Collecting Compensation After a Construction Accident
The potential for workplace accidents on construction sites is understandably high, given the amount of heavy machinery, dangerous tools, heights, motor vehicle traffic, and other hazards all found together in one confined space. When you or a loved one is injured on a construction site, however, collecting the compensation you need to put your life back together can be a challenge.Common Causes of Injury
According to the Occupational Safety and Health Administration (OSHA), there are around 252,000 construction sites and 6.5 million construction workers on those sites at any given day within the U.S. The most common types of construction injuries reported to OSHA are caused by:
- Falls from height;
- Trench collapse;
- Scaffolding collapse;
- Electrical shock and arc flash or arc blast;
- Not using proper personal injury protection equipment; and
- Repetitive motion.
OSHA’s “fatal four” represent the four most common causes of deadly injuries, and include falls, being struck by an object, being pinned between an object, and electrocution. While the “fatal four” causes of deadly accidents are relatively general, such accidents often involve:
- Scaffolding and other elevated surfaces;
- Motor vehicle traffic;
- Lack of proper head protection;
- Hazard communication;
- Lack of fall protection or training; and
- Exposed electrical wiring.
While the dangers of construction work are well known, securing compensation following an accident is not always as easy it should be.Variables on a Construction Site
In a more traditional work setting, a worker does a similar job every day in the same building, whether that is an office, factory, school, or another facility. Such a worker is almost always an employee, so if he or she is injured in the course of performing his or her job, the state’s workers’ compensation benefits are usually available.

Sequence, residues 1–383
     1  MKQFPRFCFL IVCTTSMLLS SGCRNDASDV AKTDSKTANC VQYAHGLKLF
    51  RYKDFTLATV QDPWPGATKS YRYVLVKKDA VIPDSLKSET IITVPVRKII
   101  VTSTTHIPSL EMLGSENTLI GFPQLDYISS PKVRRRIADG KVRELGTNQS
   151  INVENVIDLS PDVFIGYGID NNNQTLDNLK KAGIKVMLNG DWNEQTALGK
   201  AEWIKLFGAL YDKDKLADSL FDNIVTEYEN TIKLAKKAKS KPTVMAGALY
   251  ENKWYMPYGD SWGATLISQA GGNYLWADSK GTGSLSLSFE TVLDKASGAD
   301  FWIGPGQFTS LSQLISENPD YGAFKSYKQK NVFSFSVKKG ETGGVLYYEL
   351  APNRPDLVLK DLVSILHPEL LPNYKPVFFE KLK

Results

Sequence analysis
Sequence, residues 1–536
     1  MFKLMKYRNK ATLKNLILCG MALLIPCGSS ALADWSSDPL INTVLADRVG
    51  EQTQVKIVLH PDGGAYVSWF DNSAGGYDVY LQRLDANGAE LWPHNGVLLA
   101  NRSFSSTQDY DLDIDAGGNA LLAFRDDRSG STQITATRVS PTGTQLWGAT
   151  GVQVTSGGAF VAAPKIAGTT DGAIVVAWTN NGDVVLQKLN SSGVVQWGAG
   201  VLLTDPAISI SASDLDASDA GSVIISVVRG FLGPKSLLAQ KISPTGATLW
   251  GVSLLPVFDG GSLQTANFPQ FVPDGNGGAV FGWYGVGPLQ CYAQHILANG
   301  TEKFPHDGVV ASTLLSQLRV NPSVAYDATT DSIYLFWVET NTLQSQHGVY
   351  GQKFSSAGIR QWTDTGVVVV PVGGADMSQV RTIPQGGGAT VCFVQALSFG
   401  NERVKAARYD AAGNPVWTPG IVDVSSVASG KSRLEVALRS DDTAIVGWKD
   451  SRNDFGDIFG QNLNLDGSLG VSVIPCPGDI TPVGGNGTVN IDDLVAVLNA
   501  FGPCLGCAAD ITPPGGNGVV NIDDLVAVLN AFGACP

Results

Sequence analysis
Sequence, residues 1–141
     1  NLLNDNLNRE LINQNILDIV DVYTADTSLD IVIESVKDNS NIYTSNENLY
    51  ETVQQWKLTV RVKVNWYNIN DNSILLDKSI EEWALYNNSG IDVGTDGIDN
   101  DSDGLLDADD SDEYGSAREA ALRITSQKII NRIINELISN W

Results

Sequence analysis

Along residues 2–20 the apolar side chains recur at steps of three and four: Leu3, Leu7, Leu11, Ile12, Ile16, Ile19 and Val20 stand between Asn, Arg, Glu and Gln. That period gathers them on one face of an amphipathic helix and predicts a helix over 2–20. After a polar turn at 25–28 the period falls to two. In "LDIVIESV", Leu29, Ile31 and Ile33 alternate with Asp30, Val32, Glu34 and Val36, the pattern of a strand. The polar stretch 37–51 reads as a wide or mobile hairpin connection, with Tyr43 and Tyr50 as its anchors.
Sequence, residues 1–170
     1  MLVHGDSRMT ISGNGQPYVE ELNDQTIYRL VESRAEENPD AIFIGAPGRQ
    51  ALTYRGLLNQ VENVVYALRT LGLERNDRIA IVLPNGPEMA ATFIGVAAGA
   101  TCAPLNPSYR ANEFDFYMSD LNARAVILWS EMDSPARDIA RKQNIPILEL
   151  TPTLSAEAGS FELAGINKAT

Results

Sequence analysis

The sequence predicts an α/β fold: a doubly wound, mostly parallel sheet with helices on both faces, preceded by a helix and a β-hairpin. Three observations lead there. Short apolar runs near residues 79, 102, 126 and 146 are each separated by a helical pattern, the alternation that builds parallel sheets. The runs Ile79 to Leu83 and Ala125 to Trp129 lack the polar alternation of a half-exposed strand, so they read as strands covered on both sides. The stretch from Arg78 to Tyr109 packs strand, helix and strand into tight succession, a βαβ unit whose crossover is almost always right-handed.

On a construction site, however, things are often quite different. There are frequently workers from many different companies, and some of the individuals performing certain jobs may even be self-employed or independent contractors. Workers’ compensation does not cover independent contractors, so when a contractor gets hurt on the job, he or she could be responsible for all of the incurred costs, but there are important exceptions.
If a contractor is injured due to the negligence or actions of another person or entity, that party could be held liable for the contractor’s injuries. Technically, this type of scenario could occur in any work environment where contractors are utilized, but it is especially common on construction sites.Injured on the Job? Call a San Jose Attorney Today
When you have been injured on the job, it is important to seek legal help in securing the compensation you deserve. Contact an experienced San Jose workplace injury attorney to get the guidance you need. Call (408) 289-1417 for a free consultation with Corsiglia McMahon & Allard, L.L.P. today.Sources